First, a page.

In my understanding, there are essentially two ways to make rosé of Champagne: still red wine is added to the blend, or the juice of red grapes is allowed a short period of skin contact. With the latter method, some of the color (and also skin tannins, aroma, flavor, I would imagine) bleeds out into the juice. This is called the Saignée, or bleeding, method.
I have not been a big fan in general of rosés of Champagne thus far. My experiences have been hit or miss, and the hits have rarely moved me enough to get really excited. That changed with a bottle of Geoffroy Rosé de Saignée. So much more vibrant and alive than the others I had tasted, and my first Saignée (at home, where you can watch the wine unfold in the glass, etc.). Now I keep my eyes open for rosés made using this method, so when I saw Boulard's non-vintage Saignée sitting there for less than $40, I pounced.
This wine has a spicy nose of pure and beautiful dark fruit and candied orange peel with lots of minerals and earth underneath. It is a nose of great clarity and vivid complexity. It kept my nose in the glass for literally minutes at a time between sips. The palate is richly fragrant with high toned currant and orchard fruit and a savory tea leaf component. There is a cleansing chalky finish with a resonant mineral depth that seems to be a Boulard calling card. We drank this with simple turkey burgers, but it seems as if it would support a variety of full flavored dishes.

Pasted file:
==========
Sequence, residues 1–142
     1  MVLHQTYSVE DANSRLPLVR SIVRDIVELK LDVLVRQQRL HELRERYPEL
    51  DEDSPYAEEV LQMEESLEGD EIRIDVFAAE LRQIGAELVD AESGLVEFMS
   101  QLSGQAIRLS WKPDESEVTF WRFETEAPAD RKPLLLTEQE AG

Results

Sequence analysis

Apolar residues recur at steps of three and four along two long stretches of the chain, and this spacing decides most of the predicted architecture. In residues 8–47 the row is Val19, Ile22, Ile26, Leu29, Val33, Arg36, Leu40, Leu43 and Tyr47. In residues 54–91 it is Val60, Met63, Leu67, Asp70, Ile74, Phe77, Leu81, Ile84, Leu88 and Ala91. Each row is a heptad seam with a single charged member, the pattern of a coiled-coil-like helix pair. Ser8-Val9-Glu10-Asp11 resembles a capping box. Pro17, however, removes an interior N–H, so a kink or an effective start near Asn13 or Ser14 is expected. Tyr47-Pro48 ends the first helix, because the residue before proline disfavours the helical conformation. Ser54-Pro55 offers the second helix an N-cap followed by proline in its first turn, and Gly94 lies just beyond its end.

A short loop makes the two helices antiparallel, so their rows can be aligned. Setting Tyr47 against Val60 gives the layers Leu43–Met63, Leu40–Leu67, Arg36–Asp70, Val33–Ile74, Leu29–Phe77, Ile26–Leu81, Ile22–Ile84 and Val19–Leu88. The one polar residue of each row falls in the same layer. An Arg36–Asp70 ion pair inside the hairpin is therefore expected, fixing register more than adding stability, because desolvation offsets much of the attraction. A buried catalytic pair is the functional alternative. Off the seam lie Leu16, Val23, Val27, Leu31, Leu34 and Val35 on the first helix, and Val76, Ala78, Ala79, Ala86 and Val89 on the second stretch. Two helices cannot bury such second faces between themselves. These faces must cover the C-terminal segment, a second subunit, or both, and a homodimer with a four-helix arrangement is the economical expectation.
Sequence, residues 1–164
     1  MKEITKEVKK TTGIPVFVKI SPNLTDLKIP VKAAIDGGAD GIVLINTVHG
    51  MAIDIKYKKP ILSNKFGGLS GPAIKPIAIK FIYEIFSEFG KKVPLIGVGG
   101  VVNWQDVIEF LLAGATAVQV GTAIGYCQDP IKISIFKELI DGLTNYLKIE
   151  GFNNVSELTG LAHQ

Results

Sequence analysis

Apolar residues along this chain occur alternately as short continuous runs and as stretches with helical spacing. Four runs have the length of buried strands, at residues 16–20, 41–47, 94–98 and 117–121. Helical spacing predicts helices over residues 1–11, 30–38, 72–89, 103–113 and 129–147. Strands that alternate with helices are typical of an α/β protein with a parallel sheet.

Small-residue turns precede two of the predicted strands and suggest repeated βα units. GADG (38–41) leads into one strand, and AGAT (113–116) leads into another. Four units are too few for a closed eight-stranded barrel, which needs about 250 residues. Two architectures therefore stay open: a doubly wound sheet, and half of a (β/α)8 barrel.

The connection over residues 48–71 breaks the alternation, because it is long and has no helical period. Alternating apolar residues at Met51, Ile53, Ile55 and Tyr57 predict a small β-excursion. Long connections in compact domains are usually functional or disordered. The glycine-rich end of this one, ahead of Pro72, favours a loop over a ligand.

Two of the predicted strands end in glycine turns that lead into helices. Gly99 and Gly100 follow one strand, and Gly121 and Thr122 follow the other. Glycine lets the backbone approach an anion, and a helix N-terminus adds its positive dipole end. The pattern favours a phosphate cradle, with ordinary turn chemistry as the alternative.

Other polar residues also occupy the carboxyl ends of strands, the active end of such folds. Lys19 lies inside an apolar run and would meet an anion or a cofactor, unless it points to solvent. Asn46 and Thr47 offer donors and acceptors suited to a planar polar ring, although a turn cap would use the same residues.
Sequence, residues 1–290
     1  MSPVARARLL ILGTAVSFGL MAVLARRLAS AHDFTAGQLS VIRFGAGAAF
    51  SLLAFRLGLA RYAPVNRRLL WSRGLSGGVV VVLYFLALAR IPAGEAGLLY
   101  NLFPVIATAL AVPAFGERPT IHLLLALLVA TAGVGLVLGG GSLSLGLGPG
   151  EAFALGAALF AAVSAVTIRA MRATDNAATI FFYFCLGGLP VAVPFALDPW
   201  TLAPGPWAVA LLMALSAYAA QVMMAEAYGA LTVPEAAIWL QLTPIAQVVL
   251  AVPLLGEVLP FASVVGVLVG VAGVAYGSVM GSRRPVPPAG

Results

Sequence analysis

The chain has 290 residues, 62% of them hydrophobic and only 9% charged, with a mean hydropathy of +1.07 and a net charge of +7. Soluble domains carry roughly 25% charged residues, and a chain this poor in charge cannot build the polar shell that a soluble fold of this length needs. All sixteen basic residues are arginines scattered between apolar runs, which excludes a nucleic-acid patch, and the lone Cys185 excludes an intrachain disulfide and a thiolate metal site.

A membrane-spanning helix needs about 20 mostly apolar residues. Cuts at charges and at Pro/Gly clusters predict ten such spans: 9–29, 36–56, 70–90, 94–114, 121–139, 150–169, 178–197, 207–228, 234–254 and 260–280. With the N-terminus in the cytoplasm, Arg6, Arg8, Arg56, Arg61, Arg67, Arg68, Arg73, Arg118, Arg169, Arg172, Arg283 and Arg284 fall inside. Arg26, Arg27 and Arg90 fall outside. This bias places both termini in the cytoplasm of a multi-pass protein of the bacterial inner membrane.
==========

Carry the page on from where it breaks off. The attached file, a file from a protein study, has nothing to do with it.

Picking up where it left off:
Tuesday, August 26, 2008
Brooklynlady and I left the little daughter with her grandparents in San Diego and went to Portland for two days and one night. It was a real treat to spend adult time together visiting such an interesting city. And by coincidence or supernatural power (you decide), Peter Liem happened to be in Portland for his friend's wedding. Our visits overlapped, and so along with a few of his friends, we met for dinner at the excellent restaurant called Three Doors Down.
Peter's friends are also serious wine folk, so there were several amazing wines on the table. Three Doors Down has a great wine list, but they are friendly with Peter and his group and allow them to bring in their own wine.
When you dine with Peter Liem you can expect to drink good Champagne. We began with the 2002 Champagne Raymond Boulard Extra Brut Les Rachais. Peter brought this over from France, as it is not available yet in the US. This is Boulard's first wine made from biodynamically farmed grapes, and although it's a mere child, it is obviously an incredible wine. The nose is so very delicate with lovely floral and mineral aromas, and beyond that a tightly coiled core of energy that demands many a quiet year in the cellar before it will reveal its true nature. I hope I have the opportunity to revisit this wine one day, it is a sheer and elegant thing of beauty.
We then opened the 2002 Benoît Lahaye Champagne Millésime (another bottle checked in his suitcase). I won't try to summarize Lahaye as a grower and wine maker, as Peter did this so well a few months ago. After the Boulard wine, this one was powerful and intense, but in a good way. The aromas and flavors really spread out and fill the nostrils. This is red fruited juicy deliciousness with a great acidic and mineral spine, and I bet it would be beautiful with something like duck breast and confit. I left this one standing in the glass for a little while and it opened up quite nicely - another one to lay down for some years.